Window Specialists, Inc. v. Forney Enterprises, Inc.,
2014 U.S. Dist. LEXIS 2014 U.S. Dist. LEXIS 34702 (D.D.C. March 18, 2014)

This dispute arises out of a construction contract to repair property at Fort McNair in Washington, D.C.  The Army contracted with a general contractor, IIU Consulting Institute, who in turn contracted with defendant subcontractor, Forney Enterprises.  Forney entered into a sub-subcontract with plaintiff Window Specialists, Inc. for the labor and materials to supply and install over 680 windows and over 60 doors on the project.  During the course of the project, the Army issued a 10-day cure notice identifying numerous issues with the general contractor’s demolition of existing windows and Window Specialists’ installation of new windows.  Ultimately, Forney terminated the contract with Window Specialists and the general contractor had to demolish, re-order, and re-install all of Window Specialists’ work on the project.
Window Specialists filed suit against Forney, the general contractor, the general contractor’s payment bond surety, and the Secretary of the Army, bringing claims for breach of contract, unjust enrichment, a payment bond claim, and for injunctive relief.  Forney filed two counterclaims against Window Specialists, one for breach of contract and one seeking indemnification related to the costs the general contractor incurred replacing Window Specialists’ work.

The court dismissed the unjust enrichment claim and the claim for injunctive relief, and Window Specialist voluntarily dismissed the claims against the general contractor and the Secretary of the Army.  On the remaining claims, Window Specialists filed a motion seeking, among other things, to dismiss Forney’s indemnification claim as unripe, and to limit Forney’s breach of contract damages to its lost profits.

Forney’s based its indemnification claim on the terms of a “Settlement Agreement” between it and the general contractor.  The agreement addressed that Forney was responsible for Window Specialist’s work on the project and that Forney would pay the general contractor any amount, minus lost profits, that Forney may recover from Window Specialists in the litigation.  The terms of the agreement provided that Forney “acknowledged liability” to the general contractor for “reprocurement, completion and correction of” Window Specialists’ work on the project and that the general contractor and Forney “agreed to liquidate [Forney’s] liability in such amount at Forney may recover from [Window Specialists] in the Litigation . . . less [Forney’s] lost profits.”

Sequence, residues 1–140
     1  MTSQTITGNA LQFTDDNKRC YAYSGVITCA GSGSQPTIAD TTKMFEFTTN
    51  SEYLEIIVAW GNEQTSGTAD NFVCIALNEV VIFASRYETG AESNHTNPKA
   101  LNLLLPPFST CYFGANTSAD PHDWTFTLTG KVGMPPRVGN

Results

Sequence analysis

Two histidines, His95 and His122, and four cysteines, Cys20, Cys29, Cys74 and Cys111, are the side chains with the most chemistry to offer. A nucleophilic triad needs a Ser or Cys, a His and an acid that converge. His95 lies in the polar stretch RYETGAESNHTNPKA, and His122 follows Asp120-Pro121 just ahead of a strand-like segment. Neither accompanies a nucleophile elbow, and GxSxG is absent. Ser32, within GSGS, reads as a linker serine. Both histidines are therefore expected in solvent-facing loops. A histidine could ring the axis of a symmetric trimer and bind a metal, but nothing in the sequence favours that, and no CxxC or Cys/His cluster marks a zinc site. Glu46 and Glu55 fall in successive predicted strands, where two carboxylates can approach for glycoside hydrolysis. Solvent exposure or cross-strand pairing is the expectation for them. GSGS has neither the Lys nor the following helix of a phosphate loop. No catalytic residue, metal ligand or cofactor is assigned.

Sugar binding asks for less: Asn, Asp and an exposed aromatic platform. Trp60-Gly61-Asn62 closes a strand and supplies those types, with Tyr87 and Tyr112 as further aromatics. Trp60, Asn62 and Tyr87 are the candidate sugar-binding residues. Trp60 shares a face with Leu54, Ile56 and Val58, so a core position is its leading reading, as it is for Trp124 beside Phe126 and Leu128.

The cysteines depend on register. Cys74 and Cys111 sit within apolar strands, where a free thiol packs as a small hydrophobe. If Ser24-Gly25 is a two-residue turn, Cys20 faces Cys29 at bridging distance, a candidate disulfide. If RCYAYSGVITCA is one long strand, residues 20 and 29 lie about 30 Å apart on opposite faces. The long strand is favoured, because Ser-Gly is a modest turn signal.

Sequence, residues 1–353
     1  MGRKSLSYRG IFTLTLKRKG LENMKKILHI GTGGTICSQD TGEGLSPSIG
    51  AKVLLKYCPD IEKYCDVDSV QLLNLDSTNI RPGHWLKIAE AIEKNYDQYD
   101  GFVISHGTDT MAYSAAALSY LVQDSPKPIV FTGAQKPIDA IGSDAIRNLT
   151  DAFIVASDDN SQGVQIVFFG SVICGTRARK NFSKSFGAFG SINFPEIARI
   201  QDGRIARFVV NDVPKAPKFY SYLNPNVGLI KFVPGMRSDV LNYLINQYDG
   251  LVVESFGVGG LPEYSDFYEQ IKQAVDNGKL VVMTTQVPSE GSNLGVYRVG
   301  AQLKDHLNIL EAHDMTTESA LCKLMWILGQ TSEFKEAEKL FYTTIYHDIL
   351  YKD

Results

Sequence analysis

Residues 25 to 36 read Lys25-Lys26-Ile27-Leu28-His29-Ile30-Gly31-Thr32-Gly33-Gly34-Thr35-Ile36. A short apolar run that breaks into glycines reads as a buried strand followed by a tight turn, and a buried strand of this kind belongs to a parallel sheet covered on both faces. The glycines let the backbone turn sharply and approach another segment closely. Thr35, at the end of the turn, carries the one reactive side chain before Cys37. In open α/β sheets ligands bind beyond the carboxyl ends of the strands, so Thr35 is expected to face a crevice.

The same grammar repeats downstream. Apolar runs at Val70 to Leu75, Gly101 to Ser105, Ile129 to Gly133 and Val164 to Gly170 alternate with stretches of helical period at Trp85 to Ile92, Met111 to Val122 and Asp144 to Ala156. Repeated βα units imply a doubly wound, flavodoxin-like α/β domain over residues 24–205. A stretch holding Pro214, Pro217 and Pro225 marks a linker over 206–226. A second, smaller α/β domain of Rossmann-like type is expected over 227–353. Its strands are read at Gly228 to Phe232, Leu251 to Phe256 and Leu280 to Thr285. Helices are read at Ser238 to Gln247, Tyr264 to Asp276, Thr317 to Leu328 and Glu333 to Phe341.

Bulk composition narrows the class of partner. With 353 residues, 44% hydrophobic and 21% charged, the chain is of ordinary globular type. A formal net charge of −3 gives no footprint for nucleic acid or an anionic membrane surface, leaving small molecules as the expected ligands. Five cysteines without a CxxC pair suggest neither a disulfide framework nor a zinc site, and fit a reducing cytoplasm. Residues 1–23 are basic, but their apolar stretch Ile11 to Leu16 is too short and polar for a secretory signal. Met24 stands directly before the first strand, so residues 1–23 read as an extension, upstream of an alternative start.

Forney contended that its right to seek indemnity h

ad accrued, and thus was ripe, because it reached a settlement with the general contractor.  The court disagreed and concluded that the Settlement Agreement “did not actually fix liability and did not cause Forney to suffer any actual loss.”  The court described the agreement as a “ploy to give the illusion that [the general contractor] and Forney ha[d] reached a fixed settlement.”  The agreement did not specify any “particular sum” that Forney had to pay the general contractor and, as such, Forney did not suffer any “actual loss.”  Because Forney’s liability for the damages it sought had not been “fixed by judgment or settlement,” the court dismissed Forney’s claim for indemnification as unripe.

With respect to the issue of Forney’s breach of contract damages, Window Specialist argued the Forney should be limited to recovering only lost profits because it lacks standing to recover damages that the general contractor allegedly suffered.  Forney contended that it could recover as damages the amount the general contractor incurred replacing Window Specialists work.  Forney reasoned that it was entitled to these damages because the general contractor held it responsible for these costs, as evidenced by the Settlement Agreement.

The court disagreed, stating that the general contractor has (i) not demanded payment of any particular sum to correct Window Specialists’ work, (ii) Forney has not paid the general contractor for these costs, and (iii) the general contractor settled its claims against Forney by agreeing to limits its recovery to the amount Forney recovers from Window Specialists, minus Forney’s lost profit.  The court concluded that the portion of Forney’s damages that it did not actually suffer – the cost of curing Window Specialist’s work – was not an injury in fact and, therefore, Forney lacked standing to bring that portion of its claim.  The court entered an order limiting Forney’s maximum recovery on its breach of contract counterclaim to its lost profits.

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